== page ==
The first half of the year was characterised by falling prices across all market segments following the completion of several new projects, which caused a state of oversupply in some parts of the market. Following declines across all segments in the third quarter of 2016, the year ended with tenants taking advantage of the new market conditions. This caused prices to fluctuate in the first quarter of 2017 when the average year-on-year (YoY) decline in apartment and villa sales reached 8 per cent. In the rental market, average apartment and villa prices softened 3 per cent quarter-on-quarter (QoQ).
However, demand was increasing for properties in established communities, such as The Meadows and The Springs, where sales prices for villas and apartments witnessed a rise of 8 per cent and 5 per cent respectively YoY. In the second quarter, the real term impact of this began to manifest. Asteco’s data confirmed a further softening for apartments, villas and offices of approximately 3 per cent, 2 per cent and 2 per cent, respectively. The annual picture showed a more pronounced drop of 7 per cent in apartment sales and 10 per cent in villa sales.
The second half of 2017 will see the completion of 15,000 apartments, 3,750 villas and 2.5 million square foot of leasable office space, in addition to the 2,700 apartments, 525 villas and 0.2m square foot of leasable office space completed in the first half of the year.
These projects include the continued handover of City Walk, the completion of JBR’s Bluewaters, the initial launch of the Dubai Canal projects, the completion of a number of Emaar projects in Downtown, Habtoor City and a number of individual projects conducted by third party developers.
A substantial volume of this supply targets a narrow cross section of the market, at a time when tenants and buyers have the power to drive prices. Acutely aware of their position, we are witnessing a growing number of tenants and buyers looking to take advantage of the current market situation to leverage this.
On expiry of a contract, tenants first look to renegotiate a lower price, or pay lower and more frequent instalments. In areas of concentrated supply, property owners who do not compromise on the tenant’s proposals could face months of empty units, forcing a reduction in price before a new tenant has even viewed the property. If tenants are unable to negotiate suitable renewal or sales terms on their first choice property, they relocate. This decision is based not only on area and price, but contract terms and conditions. These factors, along with the new supply, re-draw the emirate’s map of high-demand zones.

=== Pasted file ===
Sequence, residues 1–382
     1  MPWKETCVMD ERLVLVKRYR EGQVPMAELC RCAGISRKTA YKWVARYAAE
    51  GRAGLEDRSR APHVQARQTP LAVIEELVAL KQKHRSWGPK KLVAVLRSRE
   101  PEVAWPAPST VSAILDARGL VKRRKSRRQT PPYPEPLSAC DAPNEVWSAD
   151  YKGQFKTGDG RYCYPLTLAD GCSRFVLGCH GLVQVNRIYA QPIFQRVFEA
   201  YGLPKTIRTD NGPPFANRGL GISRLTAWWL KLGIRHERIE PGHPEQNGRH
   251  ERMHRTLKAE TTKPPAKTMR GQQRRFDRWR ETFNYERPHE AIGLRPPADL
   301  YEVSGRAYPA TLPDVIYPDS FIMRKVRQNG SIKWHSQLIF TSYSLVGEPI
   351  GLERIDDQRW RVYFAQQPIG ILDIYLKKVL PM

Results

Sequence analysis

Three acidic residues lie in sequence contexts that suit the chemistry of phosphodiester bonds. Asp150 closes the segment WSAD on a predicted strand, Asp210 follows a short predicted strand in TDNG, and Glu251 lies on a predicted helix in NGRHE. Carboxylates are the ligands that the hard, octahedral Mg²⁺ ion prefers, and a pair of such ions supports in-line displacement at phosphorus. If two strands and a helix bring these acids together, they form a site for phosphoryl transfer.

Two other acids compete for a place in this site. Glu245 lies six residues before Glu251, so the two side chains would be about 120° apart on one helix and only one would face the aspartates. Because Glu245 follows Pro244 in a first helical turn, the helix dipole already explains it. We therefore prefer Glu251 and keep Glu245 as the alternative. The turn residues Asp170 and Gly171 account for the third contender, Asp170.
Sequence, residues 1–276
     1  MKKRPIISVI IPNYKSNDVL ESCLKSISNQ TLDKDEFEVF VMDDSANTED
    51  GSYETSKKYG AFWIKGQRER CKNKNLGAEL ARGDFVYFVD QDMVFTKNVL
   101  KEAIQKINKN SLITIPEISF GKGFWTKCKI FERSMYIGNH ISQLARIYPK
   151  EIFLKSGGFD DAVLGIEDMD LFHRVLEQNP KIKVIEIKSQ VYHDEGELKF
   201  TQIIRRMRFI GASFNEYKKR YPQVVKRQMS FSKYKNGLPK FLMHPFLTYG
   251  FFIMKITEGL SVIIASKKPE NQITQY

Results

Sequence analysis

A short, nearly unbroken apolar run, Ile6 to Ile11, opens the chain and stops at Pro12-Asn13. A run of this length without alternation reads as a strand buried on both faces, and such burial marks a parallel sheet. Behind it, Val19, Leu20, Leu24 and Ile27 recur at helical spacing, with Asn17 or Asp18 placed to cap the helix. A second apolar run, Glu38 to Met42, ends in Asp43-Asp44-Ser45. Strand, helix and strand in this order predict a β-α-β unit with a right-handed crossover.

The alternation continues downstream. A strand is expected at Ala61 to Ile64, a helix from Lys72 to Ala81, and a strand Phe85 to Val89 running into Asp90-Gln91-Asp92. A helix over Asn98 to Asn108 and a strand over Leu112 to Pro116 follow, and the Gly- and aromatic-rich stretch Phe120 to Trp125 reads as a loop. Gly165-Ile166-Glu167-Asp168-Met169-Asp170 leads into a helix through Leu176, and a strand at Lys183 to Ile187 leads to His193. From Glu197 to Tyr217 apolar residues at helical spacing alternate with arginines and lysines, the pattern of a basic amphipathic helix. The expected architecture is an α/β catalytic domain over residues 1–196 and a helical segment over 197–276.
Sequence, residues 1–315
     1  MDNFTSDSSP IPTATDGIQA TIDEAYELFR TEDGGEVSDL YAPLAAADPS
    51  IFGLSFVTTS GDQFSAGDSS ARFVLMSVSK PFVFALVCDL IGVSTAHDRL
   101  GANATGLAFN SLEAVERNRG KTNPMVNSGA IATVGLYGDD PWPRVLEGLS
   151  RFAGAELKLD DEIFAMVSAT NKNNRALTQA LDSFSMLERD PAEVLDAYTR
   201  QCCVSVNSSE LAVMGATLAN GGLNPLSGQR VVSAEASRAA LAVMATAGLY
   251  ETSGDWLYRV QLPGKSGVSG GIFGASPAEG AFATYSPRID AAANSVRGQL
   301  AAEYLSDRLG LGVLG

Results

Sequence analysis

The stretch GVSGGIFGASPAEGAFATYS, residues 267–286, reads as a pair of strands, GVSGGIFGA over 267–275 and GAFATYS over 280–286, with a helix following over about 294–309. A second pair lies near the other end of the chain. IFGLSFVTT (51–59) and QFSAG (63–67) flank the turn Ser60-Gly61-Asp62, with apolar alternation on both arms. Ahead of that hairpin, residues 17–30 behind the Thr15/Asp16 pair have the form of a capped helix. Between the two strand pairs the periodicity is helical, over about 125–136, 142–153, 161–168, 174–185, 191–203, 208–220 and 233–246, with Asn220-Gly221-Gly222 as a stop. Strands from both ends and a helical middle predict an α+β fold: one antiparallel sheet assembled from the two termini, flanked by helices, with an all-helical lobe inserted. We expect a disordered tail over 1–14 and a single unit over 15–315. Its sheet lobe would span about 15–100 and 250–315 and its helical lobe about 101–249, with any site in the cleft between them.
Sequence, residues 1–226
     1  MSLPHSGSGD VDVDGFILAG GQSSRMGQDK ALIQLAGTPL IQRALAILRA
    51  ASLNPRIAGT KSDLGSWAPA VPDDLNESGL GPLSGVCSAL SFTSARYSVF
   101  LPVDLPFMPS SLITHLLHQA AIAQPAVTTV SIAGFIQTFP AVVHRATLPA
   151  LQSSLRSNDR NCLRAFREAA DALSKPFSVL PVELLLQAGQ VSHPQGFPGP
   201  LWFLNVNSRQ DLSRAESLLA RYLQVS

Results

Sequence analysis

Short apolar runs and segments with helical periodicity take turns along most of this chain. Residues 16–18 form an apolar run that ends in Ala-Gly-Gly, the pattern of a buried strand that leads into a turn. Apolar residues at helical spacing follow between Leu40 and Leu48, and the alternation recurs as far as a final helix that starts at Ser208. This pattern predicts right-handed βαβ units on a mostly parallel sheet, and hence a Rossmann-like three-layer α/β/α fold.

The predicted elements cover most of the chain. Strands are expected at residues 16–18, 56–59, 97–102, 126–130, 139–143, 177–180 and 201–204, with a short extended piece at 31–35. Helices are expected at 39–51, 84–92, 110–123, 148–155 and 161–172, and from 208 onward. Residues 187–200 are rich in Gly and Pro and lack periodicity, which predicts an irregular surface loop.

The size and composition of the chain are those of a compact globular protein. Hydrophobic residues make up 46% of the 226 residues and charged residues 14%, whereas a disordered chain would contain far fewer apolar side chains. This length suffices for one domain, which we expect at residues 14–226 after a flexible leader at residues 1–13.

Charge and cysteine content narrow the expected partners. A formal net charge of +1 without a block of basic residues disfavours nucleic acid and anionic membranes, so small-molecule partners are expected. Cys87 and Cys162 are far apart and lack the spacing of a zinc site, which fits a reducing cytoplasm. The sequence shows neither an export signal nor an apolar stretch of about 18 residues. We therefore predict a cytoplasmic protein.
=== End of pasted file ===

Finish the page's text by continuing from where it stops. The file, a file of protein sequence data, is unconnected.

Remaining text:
Apartment sales in the traditionally high-demand DIFC, Jumeirah Beach Residence, Palm Jumeirah, Business Bay and The Greens remained flat in the second quarter of 2017. International City and Dubai Marina posted the highest sales price declines at 7 per cent and further declines were posted for Jumeirah Village (6 per cent), Discovery Gardens (6 per cent) and Downtown (5 per cent). Similar trends in the rental market saw apartment prices soften by 2 per cent QoQ and 7 per cent YoY.
In the villa rental market YoY declines were witnessed in The Springs (16 per cent), Jumeirah (14 per cent), Arabian Ranches (13 per cent), Palm Jumeirah (13 per cent), Al Barsha (12 per cent), Mirdif (11 per cent) and Umm Suqeim (10 per cent). However, over the same period annual growth for villa sales in The Meadows and The Springs reached 9 per cent and 5 per cent respectively. In these areas, the community facilities and infrastructure are established but supply over the period was limited.
If this trend withstands, developers in these areas could follow the same model as their competitors in International City and Jumeirah Village Circle, creating smaller, more affordable units. They may also face pressure to reduce off-plan rates, specifically in integrated urban developments such as Dubai South.
More affordable place to live?
Last year brought mixed fortunes for investors. In the short term, supply will continue to soften prices in the high-end segment, but investors and developers can still generate high returns in the mid-market segment. It simply takes time for the correction to play out.
Although the trend started some years ago, 2017 is the year the market sees tenants and buyers assert real influence as this period of adjustment endures. The secondary market will continue to enjoy more flexibility in contracts and Dubai will become a more affordable place to live and work.
An adjustment in supply will not change this. More people now choose to live in Dubai and the UAE on a long-term basis. Naturally, this drives sales but it also motivates tenants to negotiate contract terms that will remain favourable over multiple renewals. Although Dubai’s investors and residents will both attempt to negotiate conditions in their favour, for the foreseeable future the market will ensure it is the end users of the emirate’s building stock who take home the best end of the deal.
Major projects due over the course of 2018 include Silicon Park, further phases of Mohammed Bin Rashid City, Deira Islands and d3 and Al Mamzar Beachfront. In addition, construction, fit-out and handover delays on active projects may push some 2017 supply into the New Year. In the area surrounding the Expo 2020 site 70,000 units of luxury and affordable property are currently in the pipeline. These units are designed to meet current market needs and have enjoyed strong interest to date as a result.
John Stevens is managing director of Asteco. The views expressed here are his own.
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